Covid-19 worsens FTZ manpower workers’ woes | Sunday Observer

Covid-19 worsens FTZ manpower workers’ woes

It had been over two months since Dilrukshi Sandamali, a Katunayake Free Trade Zone (FTZ) manpower worker last went to work. When the 33-year-old mother of three reported to work on April 30 she was informed she had been laid off because she failed to report to work on April 27, the day the factory re-opened after the curfew.

“I told them that I did not get a letter stating that work had resumed on April 27,” Dilruskshi said.

Because Dilrukshi was relatively new at the factory she had been put on the manpower cadre. This meant she would only get work and paid only if the factory does not have sufficient employees to meet the work demand. Three months after she joined, the country went into lockdown and curfew was imposed due to the Covid-19 pandemic.

“My husband works as a mason. He did not have work for over two months now. This is the only income we had. We did not complain about it because some work is better than nothing,” she said.

Dilrukshi was relatively luckier than most of the FTZ workers. When the curfew was imposed most struggled to get back home.

Forty-year-old Shiromi Priyangika, a mother of two from Embilipitiya is residing in Katunayake because of its close proximity to her workplace in the Kandana FTZ. Today she is finding it hard to get by after loss of work. Though she applied for the Rs. 5,000 relief given by the government she did not receive it. Neither did Dilrukshi.

“It was worse for my friend from Polonnaruwa. She had to stay in the boarding house for weeks before she could return home last week,” Shiromi said. Now her friend is in a quarantine center. Work at the factory has already commenced.

As Covid 19 affected the FTZs which mainly focus on exports, it is the manpower employees that suffered the most.


In March end Minister of Industrial Export and Investment Promotion and Minister of Tourism and Civil Aviation Prasanna Ranatunga announced the closure of all FTZs. Though transport was promised for the workers to return home it backfired when people who were not working at the zones used the transportation along with some workers who were lucky enough to get transport. Many as Shiromi’s friend, were trapped in their boarding houses. Later with the aid of the Army, the stranded workers were taken to their home towns.

The loss of work meant a majority had to return to their home towns empty-handed. As Sri Lanka’s export earnings dropped almost by 64 percent in April, the apparel industry too suffered as its earnings dipped by around 82 percent. According to FTZ employers, they are unable to sustain the previous workforce in these circumstances.

However, media spokesperson for BOI Jagath de Silva said many workers have returned to work since the factories recommenced work.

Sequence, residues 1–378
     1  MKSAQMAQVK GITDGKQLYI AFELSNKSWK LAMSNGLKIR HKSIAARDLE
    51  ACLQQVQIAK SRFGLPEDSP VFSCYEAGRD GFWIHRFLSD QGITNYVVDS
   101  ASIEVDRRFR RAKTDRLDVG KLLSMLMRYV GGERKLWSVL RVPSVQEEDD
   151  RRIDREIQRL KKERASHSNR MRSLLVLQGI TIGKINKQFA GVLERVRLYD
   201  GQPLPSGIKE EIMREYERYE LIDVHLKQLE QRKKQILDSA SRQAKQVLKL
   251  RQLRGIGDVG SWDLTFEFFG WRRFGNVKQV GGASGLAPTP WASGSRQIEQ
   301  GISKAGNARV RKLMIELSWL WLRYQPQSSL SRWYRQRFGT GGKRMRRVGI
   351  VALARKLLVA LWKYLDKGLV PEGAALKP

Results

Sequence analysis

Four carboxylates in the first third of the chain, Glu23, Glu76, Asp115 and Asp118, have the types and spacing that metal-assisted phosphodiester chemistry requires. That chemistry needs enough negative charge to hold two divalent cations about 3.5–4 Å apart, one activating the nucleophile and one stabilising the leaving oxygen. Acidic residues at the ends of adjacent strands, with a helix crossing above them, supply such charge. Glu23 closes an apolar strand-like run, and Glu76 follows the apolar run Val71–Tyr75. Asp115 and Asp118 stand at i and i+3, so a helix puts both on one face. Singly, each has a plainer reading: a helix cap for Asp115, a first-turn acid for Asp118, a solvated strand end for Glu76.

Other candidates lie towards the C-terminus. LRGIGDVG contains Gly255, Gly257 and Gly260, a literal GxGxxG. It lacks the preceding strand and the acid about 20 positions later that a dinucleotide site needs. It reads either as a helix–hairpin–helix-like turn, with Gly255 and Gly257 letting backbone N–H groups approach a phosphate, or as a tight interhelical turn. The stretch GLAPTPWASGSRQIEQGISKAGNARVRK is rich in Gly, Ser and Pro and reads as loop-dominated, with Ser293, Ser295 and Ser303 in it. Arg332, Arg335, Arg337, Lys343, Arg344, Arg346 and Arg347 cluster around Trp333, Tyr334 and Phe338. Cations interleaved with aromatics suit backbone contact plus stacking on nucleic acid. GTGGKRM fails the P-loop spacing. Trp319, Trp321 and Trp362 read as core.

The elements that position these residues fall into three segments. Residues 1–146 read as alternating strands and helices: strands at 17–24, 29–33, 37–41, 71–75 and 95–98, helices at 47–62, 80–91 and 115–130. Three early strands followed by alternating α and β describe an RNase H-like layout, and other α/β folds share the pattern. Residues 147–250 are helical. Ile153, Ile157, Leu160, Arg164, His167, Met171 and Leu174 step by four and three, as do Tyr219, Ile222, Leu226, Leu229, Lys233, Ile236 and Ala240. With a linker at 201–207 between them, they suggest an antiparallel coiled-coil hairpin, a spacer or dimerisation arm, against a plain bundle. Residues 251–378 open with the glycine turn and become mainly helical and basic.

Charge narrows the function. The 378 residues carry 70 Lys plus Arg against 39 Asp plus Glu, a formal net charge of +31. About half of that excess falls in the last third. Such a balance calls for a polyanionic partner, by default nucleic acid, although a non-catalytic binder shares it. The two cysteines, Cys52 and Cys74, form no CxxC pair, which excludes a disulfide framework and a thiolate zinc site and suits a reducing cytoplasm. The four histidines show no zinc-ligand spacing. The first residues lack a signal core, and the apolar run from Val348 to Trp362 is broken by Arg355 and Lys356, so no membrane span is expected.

But according to Chamila Thushari of the Dabindu Collective, an organisation for female workers in the FTZs workers at the zones had to face a plethora of problems during the pandemic. According to Chamila, even with the loss of work many FTZ workers and manpower employees opted to not to return to their villages. “There is no work in their villages so they opted to stay back hoping they will be able to find some work,” she said. Stuck in their boardings during the lockdown Chamila said many are in dire straits now.

“Those who have been working for less than six months before curfew have lost their jobs,” she said adding that even the other staff is facing the brunt. “Some are trying to use manpower workers by paying them Rs. 1,000 - Rs. 1,500 to work as machine operators” she said. According to her machine operators who have been working for a short period of time have not been called to work while some are only being called to work for a few days a week.

Many have also not received their salaries for the past two months. “The agreed minimum of Rs 14, 500 has not been paid by some employers” Chamila said adding that some companies have paid only Rs. 5,000 to their staff.

“How can they live on this?” she asked. Noting that the garment industry is a profitable business Chamila questioned if the companies can go bankrupt within two months as they claim to be. “These women worked hard to bring revenue year after year so treating them this way is shameful,” she said.

Chamila said many have been going without food. “When we opened our office last week many walked in asking for food to feed their children,” she said.

“There are many stories of tears in these boardings” she added. Dabindu Collective has been trying to support woman by providing dry rations and also gathering information on those who are struggling after losing their jobs in a bid to help them.

With consecutive governments promoting manpower cadre increasing the informal workers’ sector, she said Covid 19 has revealed now its fallacies and dangers.

Fate of the workers of the garment sector has been brought to the attention of the government and the Covid 19 Task Force appointed by the President. Thus, workers are hopeful there will be some relief to ease the burden.